By Todd Wallack | The Boston Globe | September 28, 2012
The Massachusetts economy, which had been expanding faster than the national average, thanks largely to the state’s strengths in technology and medical research, is now barely growing at all because of economic problems around the world, according to a group of nearly a dozen local economists.
The MassBenchmarks panel reported Thursday that the state’s economy has slipped into “lower gear” because of the European debt crisis, slower growth in China, reduced US business investment in technology, and growing uncertainty in Washington over the future of taxes and budget spending.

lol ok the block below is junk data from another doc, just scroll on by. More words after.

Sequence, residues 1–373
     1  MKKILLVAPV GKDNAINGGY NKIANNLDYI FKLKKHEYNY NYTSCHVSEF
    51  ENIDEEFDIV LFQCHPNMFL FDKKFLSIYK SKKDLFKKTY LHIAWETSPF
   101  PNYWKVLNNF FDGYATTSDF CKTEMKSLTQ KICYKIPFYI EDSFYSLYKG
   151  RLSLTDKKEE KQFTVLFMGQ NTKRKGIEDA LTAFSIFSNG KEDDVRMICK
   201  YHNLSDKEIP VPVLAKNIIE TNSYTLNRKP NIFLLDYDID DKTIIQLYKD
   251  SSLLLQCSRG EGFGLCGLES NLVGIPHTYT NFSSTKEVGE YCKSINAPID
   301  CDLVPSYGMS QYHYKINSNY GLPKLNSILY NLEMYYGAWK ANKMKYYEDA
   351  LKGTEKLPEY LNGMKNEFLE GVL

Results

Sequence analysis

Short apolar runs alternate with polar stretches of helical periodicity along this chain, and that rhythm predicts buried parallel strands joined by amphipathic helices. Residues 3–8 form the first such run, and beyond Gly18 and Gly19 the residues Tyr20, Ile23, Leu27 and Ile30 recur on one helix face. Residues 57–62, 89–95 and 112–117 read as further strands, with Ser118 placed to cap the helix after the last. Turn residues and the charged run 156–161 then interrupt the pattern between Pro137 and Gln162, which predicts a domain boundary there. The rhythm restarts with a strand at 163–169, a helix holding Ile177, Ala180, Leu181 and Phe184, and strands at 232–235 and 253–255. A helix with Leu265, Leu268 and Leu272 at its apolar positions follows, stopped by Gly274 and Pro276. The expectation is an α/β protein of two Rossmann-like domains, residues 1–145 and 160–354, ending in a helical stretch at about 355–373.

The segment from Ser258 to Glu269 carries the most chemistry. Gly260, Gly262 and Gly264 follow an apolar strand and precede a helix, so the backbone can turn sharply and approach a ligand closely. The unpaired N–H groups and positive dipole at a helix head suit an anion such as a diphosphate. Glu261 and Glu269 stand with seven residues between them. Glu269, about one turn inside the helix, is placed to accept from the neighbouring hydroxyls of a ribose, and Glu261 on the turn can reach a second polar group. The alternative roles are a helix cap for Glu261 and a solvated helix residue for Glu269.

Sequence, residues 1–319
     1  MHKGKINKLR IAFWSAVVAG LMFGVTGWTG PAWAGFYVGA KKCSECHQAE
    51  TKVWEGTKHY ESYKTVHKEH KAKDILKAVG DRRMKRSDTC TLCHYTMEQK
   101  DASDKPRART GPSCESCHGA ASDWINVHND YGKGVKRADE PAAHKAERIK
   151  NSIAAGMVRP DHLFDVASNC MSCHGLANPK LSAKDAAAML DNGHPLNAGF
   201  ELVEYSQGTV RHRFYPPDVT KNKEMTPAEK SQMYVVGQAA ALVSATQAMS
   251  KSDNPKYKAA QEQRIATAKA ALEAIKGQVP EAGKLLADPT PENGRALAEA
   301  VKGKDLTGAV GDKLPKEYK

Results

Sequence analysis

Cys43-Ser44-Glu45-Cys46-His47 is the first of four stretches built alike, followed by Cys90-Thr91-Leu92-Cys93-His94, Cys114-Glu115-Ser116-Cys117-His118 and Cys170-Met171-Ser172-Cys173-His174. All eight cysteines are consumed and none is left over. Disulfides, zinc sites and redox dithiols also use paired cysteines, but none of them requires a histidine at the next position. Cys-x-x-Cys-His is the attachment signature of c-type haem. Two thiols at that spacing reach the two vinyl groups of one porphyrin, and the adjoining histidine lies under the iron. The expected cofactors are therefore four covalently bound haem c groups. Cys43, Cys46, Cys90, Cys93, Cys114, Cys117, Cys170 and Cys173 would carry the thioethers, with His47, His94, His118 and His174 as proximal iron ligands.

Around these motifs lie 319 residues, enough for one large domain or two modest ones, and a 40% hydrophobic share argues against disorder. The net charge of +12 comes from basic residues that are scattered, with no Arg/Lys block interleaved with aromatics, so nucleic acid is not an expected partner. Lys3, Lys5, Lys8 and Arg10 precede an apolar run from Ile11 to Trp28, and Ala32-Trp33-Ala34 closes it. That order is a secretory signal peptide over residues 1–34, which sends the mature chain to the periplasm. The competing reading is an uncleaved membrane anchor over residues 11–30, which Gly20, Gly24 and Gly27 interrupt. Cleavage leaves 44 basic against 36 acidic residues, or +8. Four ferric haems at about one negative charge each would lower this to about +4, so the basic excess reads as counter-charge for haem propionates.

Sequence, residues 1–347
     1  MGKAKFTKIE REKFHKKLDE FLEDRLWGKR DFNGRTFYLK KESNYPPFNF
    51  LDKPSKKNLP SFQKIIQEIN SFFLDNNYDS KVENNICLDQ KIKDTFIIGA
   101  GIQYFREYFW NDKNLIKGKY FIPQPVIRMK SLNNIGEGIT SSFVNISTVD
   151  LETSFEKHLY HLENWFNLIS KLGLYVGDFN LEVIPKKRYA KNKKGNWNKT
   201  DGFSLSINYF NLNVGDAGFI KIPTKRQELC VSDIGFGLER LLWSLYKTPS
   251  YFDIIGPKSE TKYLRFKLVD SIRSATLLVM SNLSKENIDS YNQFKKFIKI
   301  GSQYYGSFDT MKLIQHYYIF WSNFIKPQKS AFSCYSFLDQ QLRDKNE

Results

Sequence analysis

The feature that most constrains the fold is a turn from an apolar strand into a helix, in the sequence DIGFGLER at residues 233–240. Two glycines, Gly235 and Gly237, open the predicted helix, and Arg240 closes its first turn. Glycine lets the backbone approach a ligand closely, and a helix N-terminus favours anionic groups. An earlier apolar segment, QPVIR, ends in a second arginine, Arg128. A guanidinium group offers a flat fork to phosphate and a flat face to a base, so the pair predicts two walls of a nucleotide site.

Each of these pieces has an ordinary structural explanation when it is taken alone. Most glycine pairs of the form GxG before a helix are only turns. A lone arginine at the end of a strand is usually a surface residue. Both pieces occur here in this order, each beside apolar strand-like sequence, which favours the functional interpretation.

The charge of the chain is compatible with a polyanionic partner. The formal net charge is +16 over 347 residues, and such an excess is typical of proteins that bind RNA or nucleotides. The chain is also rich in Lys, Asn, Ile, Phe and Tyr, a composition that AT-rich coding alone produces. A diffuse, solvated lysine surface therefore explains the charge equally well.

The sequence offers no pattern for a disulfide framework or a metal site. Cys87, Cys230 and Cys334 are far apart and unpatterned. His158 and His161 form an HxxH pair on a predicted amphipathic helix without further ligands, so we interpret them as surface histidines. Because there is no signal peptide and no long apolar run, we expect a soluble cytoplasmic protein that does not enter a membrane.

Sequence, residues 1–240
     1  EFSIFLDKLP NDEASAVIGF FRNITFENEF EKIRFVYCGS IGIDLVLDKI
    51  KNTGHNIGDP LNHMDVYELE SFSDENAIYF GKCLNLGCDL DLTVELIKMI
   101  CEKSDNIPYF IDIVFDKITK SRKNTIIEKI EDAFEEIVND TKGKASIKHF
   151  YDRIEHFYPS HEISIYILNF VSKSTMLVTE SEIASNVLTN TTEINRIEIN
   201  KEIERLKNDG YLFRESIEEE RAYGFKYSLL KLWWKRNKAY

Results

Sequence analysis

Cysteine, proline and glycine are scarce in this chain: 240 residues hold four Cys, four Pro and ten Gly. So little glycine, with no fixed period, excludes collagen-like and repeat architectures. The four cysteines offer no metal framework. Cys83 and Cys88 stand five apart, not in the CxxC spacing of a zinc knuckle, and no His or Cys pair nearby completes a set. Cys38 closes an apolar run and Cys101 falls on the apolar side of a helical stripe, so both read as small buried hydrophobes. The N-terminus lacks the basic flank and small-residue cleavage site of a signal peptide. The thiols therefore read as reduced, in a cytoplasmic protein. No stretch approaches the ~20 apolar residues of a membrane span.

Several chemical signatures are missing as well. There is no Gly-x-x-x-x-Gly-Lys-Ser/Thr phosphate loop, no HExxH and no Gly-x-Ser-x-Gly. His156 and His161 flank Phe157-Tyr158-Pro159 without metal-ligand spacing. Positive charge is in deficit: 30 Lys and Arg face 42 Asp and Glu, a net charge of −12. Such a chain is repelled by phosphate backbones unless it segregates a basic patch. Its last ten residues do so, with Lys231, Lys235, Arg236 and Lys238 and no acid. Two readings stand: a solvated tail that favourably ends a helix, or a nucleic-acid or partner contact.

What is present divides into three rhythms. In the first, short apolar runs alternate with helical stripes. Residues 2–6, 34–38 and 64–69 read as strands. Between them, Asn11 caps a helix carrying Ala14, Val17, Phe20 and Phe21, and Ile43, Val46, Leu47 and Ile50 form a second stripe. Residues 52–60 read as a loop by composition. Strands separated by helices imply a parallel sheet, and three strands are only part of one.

“It’s a little ugly,” said Northeastern University economist Alan Clayton-Matthews, senior contributing editor for MassBenchmarks, who predicted the Massachusetts economy would grow at a meager 1 percent in the third quarter of this year. “We are no longer growing faster than the nation.” Read More